Heartbleed is the big issue of the day, we hope that everyone has changed their passwords and updated their certificates. If you aren’t sure what to do or if you’ve been living under a rock, Troy Hunt’s written a pretty exhaustive blog post about it which you should check out. For a significantly shorter overview, see the XKCD version.
Apart from the obvious horribleness of what appears to be a massive security breach for, well, everyone, it sparks an interesting debate about using open source software. Should businesses and experienced developers enthusiastically encourage and contribute to open source projects to improve the code and standards for everyone, ensuring mistakes like this don’t happen again? Or, should vital software be proprietary so you know that there are standards that are linked not only to an individual coder’s reputation, but that of the whole business as well?
We hope that people see this as a red flag that encourages more investment (of the people variety) in OSS, instead of the opposite, but we’ll have to wait and see.
Author highlight: Celko
Joe Celkoâ¢, king of the articles that produce comments that rival the article in length, has been very busy lately so we’ve decided to highlight a couple of our personal favourite Celko articles.
Things Joe Celko hates:
Look-up Tables in SQL is a scathing critique of the One True Lookup Table mentality. Use an auxiliary table that holds static data instead.
BIT of a problem is a pun! Joe Celko has written an article on why the BIT data type doesn’t work very well in a SQL database. When he writes “I just want you to know I did not invent this schema as a straw man” I think we know what’s coming.
The DIS-Information Principle: A Splitting Headache – another pun! Ah Celko, a comic after our own hearts. In this one Celko rails against splitting, table splitting, column splitting, you get the idea.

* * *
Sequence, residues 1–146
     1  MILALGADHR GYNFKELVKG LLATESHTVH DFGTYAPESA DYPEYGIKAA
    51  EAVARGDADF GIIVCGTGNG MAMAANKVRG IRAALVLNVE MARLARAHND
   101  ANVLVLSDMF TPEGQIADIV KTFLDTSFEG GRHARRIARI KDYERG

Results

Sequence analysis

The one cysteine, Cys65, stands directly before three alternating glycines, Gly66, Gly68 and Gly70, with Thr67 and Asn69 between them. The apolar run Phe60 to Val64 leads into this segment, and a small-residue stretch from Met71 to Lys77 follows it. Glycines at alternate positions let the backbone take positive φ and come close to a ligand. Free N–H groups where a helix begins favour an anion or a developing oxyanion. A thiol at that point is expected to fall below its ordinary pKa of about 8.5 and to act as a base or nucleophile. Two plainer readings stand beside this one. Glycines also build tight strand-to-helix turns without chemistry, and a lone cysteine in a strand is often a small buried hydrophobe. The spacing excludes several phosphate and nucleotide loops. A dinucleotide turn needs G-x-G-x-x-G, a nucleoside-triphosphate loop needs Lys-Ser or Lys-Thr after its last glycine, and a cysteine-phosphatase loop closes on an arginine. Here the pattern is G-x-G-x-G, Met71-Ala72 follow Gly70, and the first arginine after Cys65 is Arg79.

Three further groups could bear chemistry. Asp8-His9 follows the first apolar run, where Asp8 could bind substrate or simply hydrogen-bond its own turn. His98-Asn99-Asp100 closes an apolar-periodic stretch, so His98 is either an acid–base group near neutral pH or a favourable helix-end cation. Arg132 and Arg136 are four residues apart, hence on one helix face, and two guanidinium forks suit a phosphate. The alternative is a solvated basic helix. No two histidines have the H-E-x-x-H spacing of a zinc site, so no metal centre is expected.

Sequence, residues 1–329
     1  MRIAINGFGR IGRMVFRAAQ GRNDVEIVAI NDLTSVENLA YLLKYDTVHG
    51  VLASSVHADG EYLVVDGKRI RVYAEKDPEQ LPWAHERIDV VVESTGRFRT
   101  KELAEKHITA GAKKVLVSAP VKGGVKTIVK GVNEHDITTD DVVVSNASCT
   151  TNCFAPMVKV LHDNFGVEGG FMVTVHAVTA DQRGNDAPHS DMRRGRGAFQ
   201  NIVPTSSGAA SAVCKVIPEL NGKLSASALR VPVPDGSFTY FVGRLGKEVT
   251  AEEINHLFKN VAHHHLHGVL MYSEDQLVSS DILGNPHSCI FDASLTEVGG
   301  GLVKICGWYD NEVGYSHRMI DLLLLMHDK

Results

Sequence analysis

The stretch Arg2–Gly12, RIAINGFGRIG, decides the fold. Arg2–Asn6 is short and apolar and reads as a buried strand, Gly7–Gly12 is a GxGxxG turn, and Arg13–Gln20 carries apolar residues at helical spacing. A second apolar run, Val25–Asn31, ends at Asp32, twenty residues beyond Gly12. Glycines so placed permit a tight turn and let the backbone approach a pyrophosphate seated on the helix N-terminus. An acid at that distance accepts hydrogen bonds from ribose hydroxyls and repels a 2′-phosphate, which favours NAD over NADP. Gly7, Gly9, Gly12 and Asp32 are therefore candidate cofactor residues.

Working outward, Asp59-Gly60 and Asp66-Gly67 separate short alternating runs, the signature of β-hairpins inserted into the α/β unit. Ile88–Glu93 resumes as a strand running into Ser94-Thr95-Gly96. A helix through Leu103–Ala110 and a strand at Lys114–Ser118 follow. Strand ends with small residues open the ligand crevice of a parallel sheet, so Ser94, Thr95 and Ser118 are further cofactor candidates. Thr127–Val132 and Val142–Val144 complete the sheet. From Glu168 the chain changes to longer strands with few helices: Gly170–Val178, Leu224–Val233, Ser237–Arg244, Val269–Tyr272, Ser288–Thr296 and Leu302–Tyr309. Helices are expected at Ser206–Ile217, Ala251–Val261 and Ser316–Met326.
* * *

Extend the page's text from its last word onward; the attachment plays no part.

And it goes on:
From around the web
SQL Server Central ran a survey for DBAs to submit stories from their worst day as a DBA. SSC pulled out their favourite 5 for the community to vote for the best. Voting is over and the winner’s been chosen, but the stories are still great reads. Laugh, cry, commiserate, and thank your lucky stars it didn’t happen to you!
Andrew Pruski has written, well, database design guidelines for developers. The title says it all really. These are quick lists of things you should check, not a how-to guide, looking at database design, table design, querying data, indexes, and references.
Stan Kulp took on the task of creating an SSIS conditional data flow task, manually adding a data flow task to the control flow container of an empty SSIS package, then walking through the wizard to add source, transformation and destination elements to the data flow container. Side-splittingly funny? Perhaps not. Great explanation of how to do this task? Yes. Yes it is.
GitHub user Jake Worth looks like he spent a remarkable amount of time around the web trawling for free technical books, and compiled his findings into one heck of a list. Simple-Talk is very happy to have our books featured quite heavily in the SQL Server section.